Take a mini-cruise to Amsterdam – it all adds to the experience
By Nick Pagan
The first thing that struck me onboard was the sheer variety of types of people; excited kids revelling in the freedom as their parents strolled behind them, couples of all ages holding hands in anticipation of a romantic break and groups of hedonistic twenty-somethings hitting the bar ready to take advantage of Amsterdam’s legendary reputation as the go-to city for non-stop partying.
The ship itself was classed a cruise-ferry and it felt like a smaller, less formal cruise liner. There was a casino, 3 bars, shops filled with rows of designer clothing and accessories, as well as a plethora of restaurants all trying to tempt you in to sample their delights. And if you just want to just sit and take in the view and fresh air, there were plenty of seating areas outside on the deck. It pretty much had something for everyone.
Sailing from Southshields in Newcastle, you can leave your car in a secure car park and take a short walk to the terminal where you check in. It’s a similar experience to your average UK airport but quicker and generally more pleasant. And once you’ve boarded, you can join the crowds as they wave goodbye to the North East coastline and watch its shoreline disappear.
Our party consisted of 4 adults and 4 kids, ranging from 5 – 13, and we paid a bit extra for Commodore class cabins. It’s definitely worth upgrading as you get 2 full size single beds, 2 bunks and a fair amount of living space. All cabins are on-suite and come with the usual selection of refreshments you’d expect from a mid-range hotel. We soon discovered you also get a complimentary min-bar, and a fabulous buffet style breakfast enjoyed in a restaurant shared only with other Commodore class passengers. The sea crossing is done over night, and you get to Holland at about 9.30, after leaving the UK at 7.30 the previous evening.
Once on Dutch soil, a coach takes you from the ship right into the heart of Amsterdam, leaving you free to explore the streets and canals that dissect the city. For first-time visitors, Amsterdam on foot is a fantastic way to see the city’s sights, listen to its sounds and soak up the atmosphere and culture; particularly as the city’s virtually car free as the locals prefer to get around by bike. And bikes are everywhere – piled up in massive bike parks and locked to every spare railing or lamppost and, if you can’t find your own bike, it’s normal practice to take someone else’s of the same standard!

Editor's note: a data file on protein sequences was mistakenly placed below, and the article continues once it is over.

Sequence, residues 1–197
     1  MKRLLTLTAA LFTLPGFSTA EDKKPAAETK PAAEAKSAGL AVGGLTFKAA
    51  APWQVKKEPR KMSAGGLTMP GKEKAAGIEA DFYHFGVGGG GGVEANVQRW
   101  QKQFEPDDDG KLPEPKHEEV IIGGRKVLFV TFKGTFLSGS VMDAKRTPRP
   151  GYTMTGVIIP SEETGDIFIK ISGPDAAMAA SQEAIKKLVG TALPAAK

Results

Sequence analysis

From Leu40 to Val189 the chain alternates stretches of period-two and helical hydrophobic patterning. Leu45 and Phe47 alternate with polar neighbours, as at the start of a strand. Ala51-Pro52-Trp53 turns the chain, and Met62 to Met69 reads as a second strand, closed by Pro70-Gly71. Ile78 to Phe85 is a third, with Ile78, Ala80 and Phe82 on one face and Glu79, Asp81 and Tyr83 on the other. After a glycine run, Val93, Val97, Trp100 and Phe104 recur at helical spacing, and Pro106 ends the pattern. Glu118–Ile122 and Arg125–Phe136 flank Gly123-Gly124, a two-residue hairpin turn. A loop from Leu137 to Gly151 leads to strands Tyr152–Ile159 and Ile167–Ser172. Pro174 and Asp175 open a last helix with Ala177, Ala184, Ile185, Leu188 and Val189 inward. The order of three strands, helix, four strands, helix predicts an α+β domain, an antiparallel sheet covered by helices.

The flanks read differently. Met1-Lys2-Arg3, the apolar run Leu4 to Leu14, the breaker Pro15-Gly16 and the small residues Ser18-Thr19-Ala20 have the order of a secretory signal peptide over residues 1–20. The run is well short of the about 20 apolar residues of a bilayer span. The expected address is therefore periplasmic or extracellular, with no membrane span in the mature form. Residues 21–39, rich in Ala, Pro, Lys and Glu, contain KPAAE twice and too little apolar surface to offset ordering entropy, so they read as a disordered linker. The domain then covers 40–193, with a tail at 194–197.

The excursion gives you around 5 hours in the city, so it’s a good idea to plan what you’d like to see before you get there. Try and visit the world’s largest flower market if you can, home to 15 of the most vibrantly coloured stalls you’ll ever see. It’s open all year round and sells an amazing variety of flowers and bulbs, as well as the requisite fridge magnets and bric-a-brac that many tourists go mad for. There are also beautiful old churches, magnificent buildings, inspiring art galleries and museums, and the banks of the canal are flanked by tall, thin houses that appear unique to Amsterdam. As with most other modern capital cities, the centre is very crowded but it’s really easy to escape the hustle and bustle and wander around the fascinating back streets. Or you can take a sightseeing tour via the canal if you want to spend some more time on the water.
And if all that walking and boating gives you an appetite, there are loads of eateries to refuel and refresh yourself. With restaurants serving a huge choice of cuisines from all over the world and small cafes selling local specialities, you definitely won’t go hungry. And if chips are your thing, make sure you sample one of the huge cones of Belgian chips and mayonnaise on offer. Get there early though as the queues can stretch down the street.
We took a midweek sailing so it wasn’t too busy. A mini-cruise really adds to the experience and made the trip feel more like a holiday rather than a city break. The boat’s crew were very helpful and laid on regular family friendly entertainment that caters for everyone on board. Food and drink can be a bit pricey so my advice is to take some supplies with you to save a few Euros. Other than that it’s a terrific way to see one of Europe’s most cosmopolitan cities.
Most budget airlines fly there from across the UK
Travelling around Amsterdam’s best on foot, bicycle or canal boat. The city centre’s almost car free and tourists are encouraged to take the easily accessible public transport across the city.
The city caters for food lovers. You can enjoy fine dining from all over the globe, as well as local delicacies like raw herring served on its own or with a selection of pickles. There’s also an abundance of small cafes, takeaways and large restaurants scattered around the city.
Amsterdam is a haven for lovers of nightlife. With its liberal, open-minded outlook on life, tourists can dance the night away to live sets and concerts from respected DJs and bands. Rembrandtsplein and Leidseplein are where you’ll find the majority of venues. And of course the city’s coffee shops and red light districts are famous for the entertainment offered.
For something cheap and different to do – try a picnic and a spot of people watching in the Vondelpark. It’s the largest green space in Amsterdam and is where the locals go to play football, cycling and walking, as well as that other famous Dutch pastime – smoking. It also houses a cinema and a fantastic Picasso Sculpture.